MBTA 2019-20


Orientation 2019:

Community Service

Intellectual Inquiry

MBTA 2018-19

A Year in Social Events (By Jess Allen)


As is the case for most programmes, the year started with Orientation, which for us meant two days packed full of training sessions, bonding activities, and the all-important first House Meeting. House Members seemed to really enjoy the team games featuring sweets, straws, and props from all over the house, which set a precedent for the social events of the year that followed.

One of the benefits of being a self-governing House is that we are able to shape our programme, therefore events tend to correspond to House Members’ interests, tastes, and talents. This year saw events which took place in the House itself and within the city of Ann Arbor and beyond. Some activities were active whilst others were incredibly relaxing. Some were focused on learning something new whereas others were incepted with celebrations in mind.

A highlight of the Fall semester for a group of House Members was the trip to Cedar Point in October: two volunteers generously drove a rented minibus all the way to Sandusky and back, giving House Members the chance to sample an array of white-knuckle rides as the sun set. We also had the opportunity to take a trip to Dearborn to visit the Arab American Museum which was followed by a sumptuous lunch and then dessert and Yemeni tea and coffee in a local café. Closer to home, we visited a cider mill in Jackson just before fall became winter and were honoured to be invited to watch the production put on by one of our Fall faculty fellows, Irina, in the Residential College. The Faculty Fellows certainly brought a lot of life to the House that semester, with Kelli organising impromptu wine and cheese nights and finishing her two and a half year tenure with a glamorous leaving party.

The Winter semester is traditionally busier for House Members, for we read applications for the Telluride Association’s summer programmes as well as conducting our second preferment cycle of the year and continuing with all of our other responsibilities. Consequently, we partook in several relaxing activities over the course of the semester: ice skating, bowling, laser tag, a cinema trip, and watching a reimagining of Antigone. At the end of Spring Break, some of us spent the evening relaxing at Oasis Hot Tub Gardens, sipping peculiarly coloured and flavoured lemonades in the darkness amongst the illuminated bubbles. We also had the chance to see several house members showing off their talents in shows around Ann Arbor.

Of course, having 25 House Members means that there is always something to celebrate. We attended the defenses of two graduating House members and were there to see them complete the final stage of their PhD. Every month, we ate cake and sang to celebrate birthdays after Pub Speaks and housemmebers who had exceeded expectations with regards to attendance at House events were treated to dinner out at the end of each semester.

And not everything was meticulously planned in advance and budgeted for in House Meetings! Equally as valuable and fun were evenings spent making decorations for our bedroom doors, carving pumpkins, and holding impromptu film nights. We screened sports games, independent films, Game of Thrones, and even had an evening dedicated to watching funny YouTube clips. Sometimes life in the House was very busy and a little stressful, but the social events certainly provided a counterpoint to this and helped us to bond as a community.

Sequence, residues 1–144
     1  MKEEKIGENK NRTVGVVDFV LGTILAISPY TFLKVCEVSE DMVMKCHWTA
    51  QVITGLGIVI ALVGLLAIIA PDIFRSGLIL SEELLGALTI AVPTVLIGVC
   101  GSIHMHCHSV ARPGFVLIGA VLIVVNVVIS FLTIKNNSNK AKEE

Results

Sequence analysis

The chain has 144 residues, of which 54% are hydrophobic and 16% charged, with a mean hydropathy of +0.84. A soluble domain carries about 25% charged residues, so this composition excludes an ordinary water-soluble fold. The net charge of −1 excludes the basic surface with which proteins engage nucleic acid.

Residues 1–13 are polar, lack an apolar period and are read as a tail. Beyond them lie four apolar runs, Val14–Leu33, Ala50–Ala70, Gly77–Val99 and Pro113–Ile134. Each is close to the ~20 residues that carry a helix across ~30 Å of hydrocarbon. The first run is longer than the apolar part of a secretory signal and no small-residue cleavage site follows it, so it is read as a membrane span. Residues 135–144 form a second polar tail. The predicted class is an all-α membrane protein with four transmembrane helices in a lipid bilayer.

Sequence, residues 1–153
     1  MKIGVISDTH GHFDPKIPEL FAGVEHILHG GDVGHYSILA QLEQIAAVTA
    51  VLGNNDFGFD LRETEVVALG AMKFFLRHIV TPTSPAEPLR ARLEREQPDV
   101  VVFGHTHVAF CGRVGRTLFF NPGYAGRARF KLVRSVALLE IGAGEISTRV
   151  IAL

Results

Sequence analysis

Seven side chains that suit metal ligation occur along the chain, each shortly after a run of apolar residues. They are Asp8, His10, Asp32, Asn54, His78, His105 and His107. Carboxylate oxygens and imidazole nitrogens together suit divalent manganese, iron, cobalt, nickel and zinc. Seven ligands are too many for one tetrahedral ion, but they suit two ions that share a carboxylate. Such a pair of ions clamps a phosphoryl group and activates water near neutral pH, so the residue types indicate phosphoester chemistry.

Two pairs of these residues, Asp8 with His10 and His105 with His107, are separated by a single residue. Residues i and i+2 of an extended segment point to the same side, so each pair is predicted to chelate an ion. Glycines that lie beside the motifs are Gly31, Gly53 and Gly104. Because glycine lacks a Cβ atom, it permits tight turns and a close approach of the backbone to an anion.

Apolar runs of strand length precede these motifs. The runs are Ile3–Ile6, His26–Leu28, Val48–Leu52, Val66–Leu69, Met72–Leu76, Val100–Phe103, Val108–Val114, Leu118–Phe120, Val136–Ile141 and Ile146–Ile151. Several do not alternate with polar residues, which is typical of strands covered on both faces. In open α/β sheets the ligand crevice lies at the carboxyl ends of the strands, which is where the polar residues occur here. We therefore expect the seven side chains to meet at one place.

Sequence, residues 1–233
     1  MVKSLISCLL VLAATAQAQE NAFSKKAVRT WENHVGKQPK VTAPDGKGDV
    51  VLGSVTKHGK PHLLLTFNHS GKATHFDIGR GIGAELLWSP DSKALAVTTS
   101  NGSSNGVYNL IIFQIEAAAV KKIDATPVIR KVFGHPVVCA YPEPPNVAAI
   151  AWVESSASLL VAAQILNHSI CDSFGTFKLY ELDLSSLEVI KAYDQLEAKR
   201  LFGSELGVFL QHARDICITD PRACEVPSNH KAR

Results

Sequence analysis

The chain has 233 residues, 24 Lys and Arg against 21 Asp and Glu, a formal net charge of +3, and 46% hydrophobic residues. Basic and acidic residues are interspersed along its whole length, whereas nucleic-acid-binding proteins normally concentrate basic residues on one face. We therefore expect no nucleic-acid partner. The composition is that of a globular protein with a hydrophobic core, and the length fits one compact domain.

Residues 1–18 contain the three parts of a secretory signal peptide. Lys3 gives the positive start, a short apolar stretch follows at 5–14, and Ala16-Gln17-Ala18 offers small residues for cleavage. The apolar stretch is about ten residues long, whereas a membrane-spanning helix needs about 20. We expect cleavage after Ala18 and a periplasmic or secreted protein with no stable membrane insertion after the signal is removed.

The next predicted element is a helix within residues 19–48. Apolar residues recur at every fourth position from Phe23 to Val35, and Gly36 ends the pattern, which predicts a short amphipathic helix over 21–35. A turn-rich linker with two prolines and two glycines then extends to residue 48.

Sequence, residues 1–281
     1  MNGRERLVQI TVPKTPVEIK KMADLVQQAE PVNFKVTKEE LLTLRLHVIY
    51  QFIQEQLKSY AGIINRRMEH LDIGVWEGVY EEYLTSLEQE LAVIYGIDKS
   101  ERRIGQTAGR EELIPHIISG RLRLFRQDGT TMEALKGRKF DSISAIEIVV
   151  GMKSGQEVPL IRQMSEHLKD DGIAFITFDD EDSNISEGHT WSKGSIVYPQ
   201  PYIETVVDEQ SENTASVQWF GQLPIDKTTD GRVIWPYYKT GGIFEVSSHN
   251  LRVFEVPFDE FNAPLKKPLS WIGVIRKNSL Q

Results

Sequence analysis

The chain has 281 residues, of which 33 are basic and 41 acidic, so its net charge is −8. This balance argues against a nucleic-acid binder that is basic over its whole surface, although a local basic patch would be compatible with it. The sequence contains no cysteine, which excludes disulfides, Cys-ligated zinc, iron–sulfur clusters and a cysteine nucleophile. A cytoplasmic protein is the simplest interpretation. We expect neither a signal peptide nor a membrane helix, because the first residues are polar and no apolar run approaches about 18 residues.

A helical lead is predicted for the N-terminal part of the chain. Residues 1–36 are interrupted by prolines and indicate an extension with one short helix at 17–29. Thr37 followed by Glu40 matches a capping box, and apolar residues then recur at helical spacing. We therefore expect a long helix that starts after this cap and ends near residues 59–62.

This year they included but certainly were not limited to presentations of a House member’s artwork and a children’s book written and published by a House member, a discussion of medical ethics and scenarios, and lectures on African American hair, the US immigration system, Brexit, bowling, and much more. House members often lingered in public spaces after pubspeaks to continue the discussion and many a meal time conversation circled back to topics raised in pubspeaks earlier in the year.

Hear FROm OUtgoing House Members

Dr. Aixa Marchand

Living in the Michigan Branch Telluride House has been a wonderful and rare experience. I have felt honored to live and learn among other students and faculty who are so intelligent, passionate about what they do, and who are open and ready to share their opinions and experiences. Not only have I learned so much from others who I have lived with, but I have learned so much about myself at the same time. It has been great to learn informally from other housemembers at the dinner table, and formally through their Pubspeaks. I enjoyed the game nights, Zumba sessions, and outings that we had as a house. I have made some very special memories in this house. Living in Telluride is a microcosm of the real world and I am so excited to apply what I’ve learned in the future and to keep in touch with the amazing people I’ve met these past two years.

Aixa B'day-2.JPG

Dr. Robert Walker

I lived at MBTA for four academic years, and I am definitely a different person for the better ultimately. The house throws a lot of adverse challenges at you. I learned that there can be optimal ways to approach each and every strategy, and sometimes it takes several years in the house to discern what those approaches will be. This can go from exercising self-governance, to self-advocacy and self-care and showing empathy for the plights and trials of other house members as best discerned by checking in with them often. At the same time, both the failures and successes in addressing all of those challenges can be quite transformative, given time and space away from the house to process. Ultimately, I am glad that I stayed at MBTA -- I've grown up a lot in this house, as I transition to the next phase of my life.